In the service of optimum immune defense, the mammalian adaptive immune system churns out billions of T cells a day. Precursor T cells originate in the bone marrow and migrate to the thymus, where the immune mettle of the developing T cell, now called a thymocyte, is tested by a selection process that only about 1% will survive. In their new study published in the open-access journal PLoS Biology, Ellen Robey and her group follow T cells in real time in living tissue to shed light on this critical test of immune fitness.
Immature thymocytes inhabit the outer layer of the thymus, called the cortex, while more mature thymocytes are found in the central medulla. How a thymocyte reacts to other cells as it wends its way through the thymus determines whether it matures into a helper or killer T cell, or undergoes programmed cell death. The signaling cues that guide this process remain obscure.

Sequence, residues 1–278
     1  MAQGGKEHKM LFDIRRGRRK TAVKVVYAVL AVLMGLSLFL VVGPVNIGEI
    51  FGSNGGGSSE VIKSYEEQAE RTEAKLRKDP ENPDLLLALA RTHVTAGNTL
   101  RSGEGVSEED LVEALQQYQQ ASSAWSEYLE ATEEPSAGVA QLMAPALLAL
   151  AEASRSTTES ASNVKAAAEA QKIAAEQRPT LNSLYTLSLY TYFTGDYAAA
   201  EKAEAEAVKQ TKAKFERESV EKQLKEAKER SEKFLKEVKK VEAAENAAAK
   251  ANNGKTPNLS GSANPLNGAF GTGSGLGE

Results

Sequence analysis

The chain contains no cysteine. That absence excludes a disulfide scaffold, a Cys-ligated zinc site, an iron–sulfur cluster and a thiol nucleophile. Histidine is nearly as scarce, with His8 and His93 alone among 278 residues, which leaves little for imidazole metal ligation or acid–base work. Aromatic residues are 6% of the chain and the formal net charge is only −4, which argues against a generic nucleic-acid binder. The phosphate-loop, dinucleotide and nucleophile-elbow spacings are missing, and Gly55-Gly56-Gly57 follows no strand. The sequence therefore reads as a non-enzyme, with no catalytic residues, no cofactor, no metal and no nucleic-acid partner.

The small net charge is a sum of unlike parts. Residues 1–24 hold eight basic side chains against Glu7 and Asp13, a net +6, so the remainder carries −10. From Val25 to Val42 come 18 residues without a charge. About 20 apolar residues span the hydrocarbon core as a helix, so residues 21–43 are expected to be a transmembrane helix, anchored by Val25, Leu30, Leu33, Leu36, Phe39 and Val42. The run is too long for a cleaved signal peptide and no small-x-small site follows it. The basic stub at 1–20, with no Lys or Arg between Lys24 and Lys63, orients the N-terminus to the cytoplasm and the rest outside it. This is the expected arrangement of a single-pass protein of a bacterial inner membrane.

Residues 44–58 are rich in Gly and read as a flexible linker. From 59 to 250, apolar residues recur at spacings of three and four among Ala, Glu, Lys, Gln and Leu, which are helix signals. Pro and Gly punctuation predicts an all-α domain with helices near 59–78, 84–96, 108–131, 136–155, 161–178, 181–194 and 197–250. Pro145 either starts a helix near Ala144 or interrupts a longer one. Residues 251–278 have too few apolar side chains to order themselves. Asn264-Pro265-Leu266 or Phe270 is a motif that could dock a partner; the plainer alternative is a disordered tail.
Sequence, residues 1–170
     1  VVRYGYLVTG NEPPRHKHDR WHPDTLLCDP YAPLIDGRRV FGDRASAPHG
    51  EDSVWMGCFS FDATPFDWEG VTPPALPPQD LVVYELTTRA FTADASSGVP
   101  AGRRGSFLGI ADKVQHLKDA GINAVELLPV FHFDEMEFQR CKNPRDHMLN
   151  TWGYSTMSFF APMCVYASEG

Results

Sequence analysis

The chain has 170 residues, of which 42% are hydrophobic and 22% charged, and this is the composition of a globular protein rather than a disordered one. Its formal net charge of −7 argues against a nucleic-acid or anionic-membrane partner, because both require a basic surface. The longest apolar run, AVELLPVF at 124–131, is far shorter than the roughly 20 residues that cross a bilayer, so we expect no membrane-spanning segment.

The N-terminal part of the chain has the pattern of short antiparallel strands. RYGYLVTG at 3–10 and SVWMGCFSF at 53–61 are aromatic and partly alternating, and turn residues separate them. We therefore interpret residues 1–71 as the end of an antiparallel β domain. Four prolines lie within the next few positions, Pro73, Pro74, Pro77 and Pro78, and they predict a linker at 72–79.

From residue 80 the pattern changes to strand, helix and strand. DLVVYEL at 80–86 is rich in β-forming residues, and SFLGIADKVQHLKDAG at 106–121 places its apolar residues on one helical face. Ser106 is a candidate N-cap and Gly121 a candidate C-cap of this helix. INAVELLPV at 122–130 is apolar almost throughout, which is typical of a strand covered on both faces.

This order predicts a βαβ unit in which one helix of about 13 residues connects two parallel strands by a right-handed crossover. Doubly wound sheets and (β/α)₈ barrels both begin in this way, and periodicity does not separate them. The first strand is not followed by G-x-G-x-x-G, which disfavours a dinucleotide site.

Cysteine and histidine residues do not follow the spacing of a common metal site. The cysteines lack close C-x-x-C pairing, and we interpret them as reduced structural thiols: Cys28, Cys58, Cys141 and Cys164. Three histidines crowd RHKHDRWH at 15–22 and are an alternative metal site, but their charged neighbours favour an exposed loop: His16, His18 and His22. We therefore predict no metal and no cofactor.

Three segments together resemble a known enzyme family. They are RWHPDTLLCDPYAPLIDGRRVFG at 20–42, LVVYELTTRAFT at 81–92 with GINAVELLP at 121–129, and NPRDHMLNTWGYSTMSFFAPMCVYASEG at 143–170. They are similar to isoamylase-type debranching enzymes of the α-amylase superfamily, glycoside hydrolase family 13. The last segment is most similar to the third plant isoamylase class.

In their study, Robey and her colleagues took advantage of a recent technological innovation called two-photon microscopy to visualize the migration of thymocytes in intact thymuses extracted from mice. They found that after cells undergo positive selection - which seals their fate as either helper T or killer T cells - they make a beeline for the thymus interior (called the medulla).
Though it's been known that positively selected thymocytes migrate to the medulla, this study shows that migration follows a clear directional course, possibly guided by long-range signaling cues. Homing in on the source of these long-range signaling cues and characterizing the migratory patterns of these cells will go a long way toward understanding how the major components of immunity acquire their defensive chops.
Source: Eurekalert & othersLast reviewed: By John M. Grohol, Psy.D. on 21 Feb 2009
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